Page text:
The Ministry of Communication in Afghanistan was established in 1955. However, the first electronic communication equipment, i.e. one to one wired telephone network in Afghanistan was connected to the presidential Place in 1898. However, that one line network was replaced by a small telephone exchange with the capacity of 25 lines in 1908.
The next development in the telecommunication sector in Afghanistan was the telegraph services. The first telegraph station with the power of 2 KW, which was primarily used for military services, was installed at Baghi-Babour in 1914.
Further telephone switchboards with the capacity of 50 and 100 lines were installed at Shahi-Du-Shamshera post office in Kabul in 1919. At the same time, fourteen Afghan students were sent abroad to be educated in technology related to wireless telegraph. Later in 1920, another British made telegraph machine was installed in Kabul, which was operational until 1932.
Afghanistan became a member of the International Telegraph Union (ITU) in April 12, 1928, ITU was established in 1865 was renamed as International Telecommunications Union in 1932.
Seven short wave telegraph and telephone exchanges were purchased from Marconi and were installed in Kabul, Heart, Mazar, Maymana and Khost in 1930. Later on another system with higher power antennas was installed at the central telegraph building in Kabul in 1933.
An automatic relay telephone switch with the capacity of 1,300 lines was purchased in 1949; however, its installation was completed in 1950.
Few years later in 1953, another telephone switch with the capacity of 5,000 lines was purchased from Siemens and it was fully operational in 1957.
With the aid of hardware from Siemens, the ministry of Communication established telephone links between Kabul, Mazar and Kandahar in 1959.
In 1961, a 1,500-line switch was purchased from Czechoslovakia and was later installed in Kandahar. Kabul was linked to Torkham and southern part of the country.
Due to increasing demand for telephone services, a network expansion plan was launched in Kabul in 1964. Accordingly 3,000 telephone lines were expanded in Sher Shah Mena, and further 3,000 telephone lines were connected to Shar-i-Naw, 200 telephone lines were connected in Policharkhi and 5,000 telephone lines were connected to the central area of Kabul City. The network was fully activated in 1969.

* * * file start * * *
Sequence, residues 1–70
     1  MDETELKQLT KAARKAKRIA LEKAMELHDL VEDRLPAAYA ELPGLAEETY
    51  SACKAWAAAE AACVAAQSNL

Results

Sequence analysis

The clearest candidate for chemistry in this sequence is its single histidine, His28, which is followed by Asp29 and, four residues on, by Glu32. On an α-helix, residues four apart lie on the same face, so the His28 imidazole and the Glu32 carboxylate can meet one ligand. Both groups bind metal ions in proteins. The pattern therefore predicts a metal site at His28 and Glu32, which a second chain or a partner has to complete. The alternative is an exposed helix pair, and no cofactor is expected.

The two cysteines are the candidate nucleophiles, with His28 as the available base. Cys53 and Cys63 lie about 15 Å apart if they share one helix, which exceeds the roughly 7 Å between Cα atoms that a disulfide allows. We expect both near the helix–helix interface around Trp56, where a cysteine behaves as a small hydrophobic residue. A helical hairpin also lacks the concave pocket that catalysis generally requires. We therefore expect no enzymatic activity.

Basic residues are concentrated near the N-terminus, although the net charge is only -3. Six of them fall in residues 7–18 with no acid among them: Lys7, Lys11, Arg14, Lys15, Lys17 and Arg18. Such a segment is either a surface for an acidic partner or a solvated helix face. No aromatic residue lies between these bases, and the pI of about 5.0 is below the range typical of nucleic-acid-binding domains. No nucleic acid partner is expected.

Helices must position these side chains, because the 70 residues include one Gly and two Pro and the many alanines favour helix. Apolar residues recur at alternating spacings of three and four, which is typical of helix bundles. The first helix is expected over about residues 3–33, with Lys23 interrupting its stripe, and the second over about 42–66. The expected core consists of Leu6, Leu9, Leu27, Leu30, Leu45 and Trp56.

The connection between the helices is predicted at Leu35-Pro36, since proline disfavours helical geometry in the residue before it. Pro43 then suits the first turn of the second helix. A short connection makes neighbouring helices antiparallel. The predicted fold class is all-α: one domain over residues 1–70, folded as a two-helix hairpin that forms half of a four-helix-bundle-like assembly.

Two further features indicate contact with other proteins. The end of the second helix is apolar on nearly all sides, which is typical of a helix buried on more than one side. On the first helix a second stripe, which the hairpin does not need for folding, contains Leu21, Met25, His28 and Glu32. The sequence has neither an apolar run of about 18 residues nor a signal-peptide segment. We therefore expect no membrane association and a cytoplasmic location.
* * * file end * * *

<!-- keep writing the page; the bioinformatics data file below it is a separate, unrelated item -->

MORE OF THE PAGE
The first international radio transceiver station with the power of 20 kW was installed in Kabul, which linked Kabul-Paris by radio. All international calls were transiting through Paris at that time.
Later in 1964, a 10-kW radio transmitter and two receiver stations were purchased from Philips, Netherlands and were installed in Kabul to improve communications with with Paris, New Delhi, London and Moscow.
In 1973, a network expansion project or the Second Telecommunication Project was launched with the technical assistance from ITU in Kabul. By the implementation of the project three automated sub-city switches were installed in Shar-i-Naw, Khair Khana and Microrayan, which provided further 13,200 new telephone lines to Kabul city.
In mid 70s’s, basic telecommunication services including wired telephone and telegraph systems were accessible at district levels all over Afghanistan. However, the telecommunication systems mostly were mostly restricted to governmental organizations and the local population had limited access to such services.
Afghanistan became a member of APT since 1979.
The telephone switches which are called Crossbars were installed in provincial cities Jalalabad, Parwan, Polikhomri, Shebarghan, and Kanduz in 1983-1984.
In the last three decades (80s and 90s, 2000), socio-political upheavals and war not only destroyed Afghanistan’s infrastructures and wealth, but it also destroyed the telecommunication infarstrure too. Because of the lack of suitable maintenance and wars, the telecommunications systems were mostly damaged and un-operational throughout the country.
After the establishment of the interim government in 2001 in Afghanistan, the country obtains new horizons of political and socio-economic rehabilitation and reconstruction. The subsequent transitional and then the elected Afghan government introduced new legislations which assisted private companies to make investment in the country and provide various services including telecommunications services for the population of Afghanistan.
The Ministry of Communications and Information Technology (MCIT) was the first among the new political entities in Afghanistan to design new strategies and policies which enabled private sector to make huge investment in the telecommunication and IT sector.